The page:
2009 Minivan/Van Buying Guide

There comes a point in many people's lives when certain facts can no longer be ignored. Maybe it's the multiple child safety seats, the strollers, the Pack 'n Plays, toys and seemingly endless baby stuff that's become somehow necessary for life with young children. Maybe it's the five-days-a-week carpool duty, outdoor adventures and trips en masse to the latest High School Musical flick that school-age children require. Or it could be the non-offspring-related demands of a small business, whether you're delivering giant flower arrangements, hot meals to seniors or vanpooling co-workers to the office. Whatever the reason, you come to terms with it and admit that you need a minivan, that paragon of utilitarian vehicles, the oft-scorned suburban icon, the vehicle of choice for soccer moms and NASCAR dads everywhere.

And that's nothing to be ashamed of. With their easy-access dual sliding doors, efficient use of interior space and decent fuel economy, minivans are the most effective vehicle available for moving humans and their stuff. There's definitely something to be said for maximum practicality. The trick is to find one with the amenities, gadgetry and characteristics that you desire and that fits into your vehicular budget. Though this segment has shrunk slightly, with Ford and General Motors phasing out their minivan offerings for 2008 in favor of large crossovers, there are still plenty of solid choices in the minivan-iverse.

We start with the Honda Odyssey, the segment's leader since the second-generation Odyssey debuted in 1999, and the minivan that garnered the most votes from our editors this year. Benefiting from a midcycle refresh for 2008 (including an engine update and freshened front-end styling, Bluetooth capability, interior materials upgrades and more storage capabilities), the 2009 Honda Odyssey manages to tackle all minivan tasks well, while still being fun to drive. While it's not the least expensive member of the minivan segment, and you can definitely find vans from other manufacturers with more high-tech gadgets and whiz-bang innovations, the Honda Odyssey is the strongest overall performer in the segment.

Another solid contender is the Toyota Sienna, which offers more power but less driving enjoyment than the Honda. Unlike the Odyssey, the Sienna offers all-wheel drive, an important distinction for shoppers who deal with severe weather on a regular basis. The Hyundai Entourage and Kia Sedona twins are budget-conscious choices that deliver value without sacrificing safety, practicality or comfort features. Shoppers who don't have quite the budget for an Odyssey or Sienna (which, when loaded up with the myriad features available, can push the affordability envelope) should definitely consider the Entourage or Sedona. The Nissan Quest, though pleasant to drive and on the stylish side of the minivan spectrum, just can't match the functionality and feature content as those vans mentioned above, but shoppers who are also car enthusiasts will appreciate its nimble handling and powerful engine.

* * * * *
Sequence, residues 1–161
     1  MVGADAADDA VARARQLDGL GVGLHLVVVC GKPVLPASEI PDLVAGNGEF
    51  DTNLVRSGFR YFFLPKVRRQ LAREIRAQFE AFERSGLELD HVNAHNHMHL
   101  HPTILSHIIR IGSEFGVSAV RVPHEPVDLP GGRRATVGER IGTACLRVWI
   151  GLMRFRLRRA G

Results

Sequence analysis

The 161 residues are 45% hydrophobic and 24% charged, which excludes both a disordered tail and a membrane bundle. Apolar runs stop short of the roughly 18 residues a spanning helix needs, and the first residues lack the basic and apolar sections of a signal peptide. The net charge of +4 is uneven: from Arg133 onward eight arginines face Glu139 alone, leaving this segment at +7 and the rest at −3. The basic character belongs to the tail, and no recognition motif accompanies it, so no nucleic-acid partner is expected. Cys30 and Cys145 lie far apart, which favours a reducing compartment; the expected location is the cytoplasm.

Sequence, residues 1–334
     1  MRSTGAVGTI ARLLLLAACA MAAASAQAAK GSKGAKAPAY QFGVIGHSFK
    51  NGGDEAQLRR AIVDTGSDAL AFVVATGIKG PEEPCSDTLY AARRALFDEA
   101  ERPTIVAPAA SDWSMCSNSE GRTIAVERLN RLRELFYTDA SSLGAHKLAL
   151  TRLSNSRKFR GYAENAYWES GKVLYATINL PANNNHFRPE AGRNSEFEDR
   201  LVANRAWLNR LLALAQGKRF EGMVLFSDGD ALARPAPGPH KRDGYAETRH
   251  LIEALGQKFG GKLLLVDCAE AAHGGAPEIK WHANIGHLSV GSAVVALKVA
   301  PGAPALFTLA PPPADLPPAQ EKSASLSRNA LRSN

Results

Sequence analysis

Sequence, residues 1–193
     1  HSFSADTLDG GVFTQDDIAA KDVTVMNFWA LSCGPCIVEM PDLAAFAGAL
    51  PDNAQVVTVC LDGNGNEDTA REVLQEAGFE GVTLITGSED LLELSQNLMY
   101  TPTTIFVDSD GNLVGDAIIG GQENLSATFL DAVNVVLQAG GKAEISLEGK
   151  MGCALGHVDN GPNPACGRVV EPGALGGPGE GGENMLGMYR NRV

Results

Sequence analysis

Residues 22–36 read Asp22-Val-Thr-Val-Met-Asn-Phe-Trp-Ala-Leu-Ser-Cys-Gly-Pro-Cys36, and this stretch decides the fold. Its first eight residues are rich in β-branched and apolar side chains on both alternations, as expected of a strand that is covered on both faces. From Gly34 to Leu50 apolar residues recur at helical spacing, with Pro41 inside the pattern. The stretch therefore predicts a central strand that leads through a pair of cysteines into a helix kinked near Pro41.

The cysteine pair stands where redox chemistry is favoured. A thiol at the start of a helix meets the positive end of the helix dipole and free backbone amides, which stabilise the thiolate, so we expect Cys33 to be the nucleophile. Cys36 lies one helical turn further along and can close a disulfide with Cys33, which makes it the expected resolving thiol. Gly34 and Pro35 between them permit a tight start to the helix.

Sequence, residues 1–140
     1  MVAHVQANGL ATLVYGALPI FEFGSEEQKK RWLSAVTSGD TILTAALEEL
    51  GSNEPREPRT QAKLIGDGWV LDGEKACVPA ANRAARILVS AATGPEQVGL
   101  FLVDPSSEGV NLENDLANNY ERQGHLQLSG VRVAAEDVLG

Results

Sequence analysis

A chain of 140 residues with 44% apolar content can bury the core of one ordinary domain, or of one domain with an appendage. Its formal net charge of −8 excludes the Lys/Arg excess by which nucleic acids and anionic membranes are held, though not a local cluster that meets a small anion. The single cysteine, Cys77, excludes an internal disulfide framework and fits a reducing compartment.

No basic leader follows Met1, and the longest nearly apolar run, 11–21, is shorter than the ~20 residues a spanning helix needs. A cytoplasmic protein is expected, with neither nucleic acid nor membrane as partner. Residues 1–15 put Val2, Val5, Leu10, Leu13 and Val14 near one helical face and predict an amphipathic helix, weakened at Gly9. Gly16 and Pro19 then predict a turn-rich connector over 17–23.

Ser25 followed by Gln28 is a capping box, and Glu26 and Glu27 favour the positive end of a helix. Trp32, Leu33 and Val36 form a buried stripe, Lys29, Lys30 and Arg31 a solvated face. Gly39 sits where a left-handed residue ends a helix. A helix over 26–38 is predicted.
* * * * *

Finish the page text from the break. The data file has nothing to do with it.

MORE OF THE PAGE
On the domestic front, minivan options are less attractive. Last year, we were excited about the all-new Chrysler Town & Country and Dodge Grand Caravan, but after living with a 2008 Grand Caravan in our long-term fleet for the better part of a year, we have little to say about the experience that is positive. Though the configurability of these minivans from Chrysler/Dodge is admirable (Swivel 'n Go and Stow 'n Go seating are quite useful), they do not make up for the many issues we have had with overall quality, especially for the price.

A newer subcategory of the minivan segment that has been popular abroad for many years but is gaining steam in the U.S. is the "mini-minivan." These diminutive people haulers are based on compact sedan platforms but offer minivan-style utility at a smaller price than full-size, traditional minivans. The Mazda 5 is such a vehicle. Based on the well-liked Mazda 3 compact sedan, the 5's combination of six-passenger seating (that's admittedly best suited to smaller-statured families), dual sliding doors, sleek styling, sporty handling, useful maximum cargo space and sub-$18,000 starting price make it a great option for smaller, young families for whom a conventional minivan seems like overkill.

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